abstract = "At our university Sophomore Clinics I and II are part of an eight-semester design sequence in which students progress from basic data collection and reverse engineering projects through more open-ended, industry-sponsored capstone design experiences. The team of multidisciplinary faculty from Engineering and Communications who teach the sophomore level courses have observed the difficulty students have tackling the fundamental open-ended nature of true design problems and have subsequently revised the sequence. For the Fall of 2005 the Sophomore Clinic sequence was revised to introduce Dym et al. 's converging-diverging framework for design by incorporating a series of three projects of increasing complexity with accompany activities designed to reinforce the converging-diverging concepts. For the third project in the series, roughly sixty students participated in an open-ended electromechanical design project that included lectures and activities to reinforce the design framework, assessment of the retention/comprehension of the framework's concepts, and a final design competition. While assessment data was unable to show a correlation between comprehension of the design framework and improvements in students' designs, results do show that students had adequate retention/comprehension of the converging-diverging philosophy and that students' designs performed better in the competition following the revised course as compared to the previous year.",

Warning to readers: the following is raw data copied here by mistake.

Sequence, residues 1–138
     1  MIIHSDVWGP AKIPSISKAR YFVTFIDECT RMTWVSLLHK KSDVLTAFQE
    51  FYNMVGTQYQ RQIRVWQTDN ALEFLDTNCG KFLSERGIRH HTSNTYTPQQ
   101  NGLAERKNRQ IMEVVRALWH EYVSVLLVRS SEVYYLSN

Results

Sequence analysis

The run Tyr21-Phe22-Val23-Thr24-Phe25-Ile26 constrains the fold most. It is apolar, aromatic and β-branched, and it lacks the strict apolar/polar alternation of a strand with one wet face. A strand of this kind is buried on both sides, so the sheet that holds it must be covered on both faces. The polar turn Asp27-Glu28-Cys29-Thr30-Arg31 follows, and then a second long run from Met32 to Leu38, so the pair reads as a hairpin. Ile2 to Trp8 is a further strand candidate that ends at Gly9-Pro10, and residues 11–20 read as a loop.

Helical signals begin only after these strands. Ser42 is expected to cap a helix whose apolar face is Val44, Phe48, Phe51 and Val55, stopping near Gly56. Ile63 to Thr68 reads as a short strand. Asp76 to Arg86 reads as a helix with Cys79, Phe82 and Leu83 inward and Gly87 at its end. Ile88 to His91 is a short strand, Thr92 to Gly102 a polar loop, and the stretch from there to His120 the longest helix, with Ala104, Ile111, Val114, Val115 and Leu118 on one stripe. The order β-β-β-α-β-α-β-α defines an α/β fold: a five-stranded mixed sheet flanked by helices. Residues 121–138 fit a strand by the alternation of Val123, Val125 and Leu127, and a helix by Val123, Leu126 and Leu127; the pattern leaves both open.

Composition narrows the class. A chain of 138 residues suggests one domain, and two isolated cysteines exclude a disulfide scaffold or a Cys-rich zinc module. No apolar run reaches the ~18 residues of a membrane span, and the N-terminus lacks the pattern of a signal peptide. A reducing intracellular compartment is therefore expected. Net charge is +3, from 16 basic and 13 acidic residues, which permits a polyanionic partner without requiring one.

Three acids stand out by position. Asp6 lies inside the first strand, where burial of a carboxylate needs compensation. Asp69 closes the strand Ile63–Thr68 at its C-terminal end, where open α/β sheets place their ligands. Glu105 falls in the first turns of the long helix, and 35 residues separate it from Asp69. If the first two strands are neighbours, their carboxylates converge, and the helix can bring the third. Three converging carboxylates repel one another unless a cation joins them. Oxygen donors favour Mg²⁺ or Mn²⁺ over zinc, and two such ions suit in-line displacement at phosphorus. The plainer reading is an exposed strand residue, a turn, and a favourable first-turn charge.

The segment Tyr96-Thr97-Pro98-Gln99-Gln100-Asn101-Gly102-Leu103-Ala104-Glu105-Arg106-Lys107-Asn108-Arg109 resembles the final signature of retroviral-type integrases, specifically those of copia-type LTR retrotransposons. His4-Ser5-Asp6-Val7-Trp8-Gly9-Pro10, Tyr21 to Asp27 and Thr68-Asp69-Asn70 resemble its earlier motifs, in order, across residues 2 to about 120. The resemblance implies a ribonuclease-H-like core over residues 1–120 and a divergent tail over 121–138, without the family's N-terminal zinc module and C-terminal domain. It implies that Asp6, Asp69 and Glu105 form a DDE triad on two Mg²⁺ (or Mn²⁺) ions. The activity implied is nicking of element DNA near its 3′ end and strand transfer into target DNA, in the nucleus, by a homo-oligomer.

author = "Vonlockette, {Paris R.} and Eric Constans and Jennifer Courtney and Kevin Dahm and William Riddell and Roberta Harvey",
year = "2007",
language = "English (US)",
journal = "ASEE Annual Conference and Exposition, Conference Proceedings",
issn = "2153-5965",

}

Converging-diverging design strategies in a sophomore level design sequence : Review of an electromechanical project. / Vonlockette, Paris R.; Constans, Eric; Courtney, Jennifer; Dahm, Kevin; Riddell, William; Harvey, Roberta.

In: ASEE Annual Conference and Exposition, Conference Proceedings, 2007.

Research output: Contribution to journalArticle

TY - JOUR

T1 - Converging-diverging design strategies in a sophomore level design sequence

T2 - Review of an electromechanical project

AU - Vonlockette, Paris R.

AU - Constans, Eric

AU - Courtney, Jennifer

AU - Dahm, Kevin

AU - Riddell, William

AU - Harvey, Roberta

PY - 2007

Y1 - 2007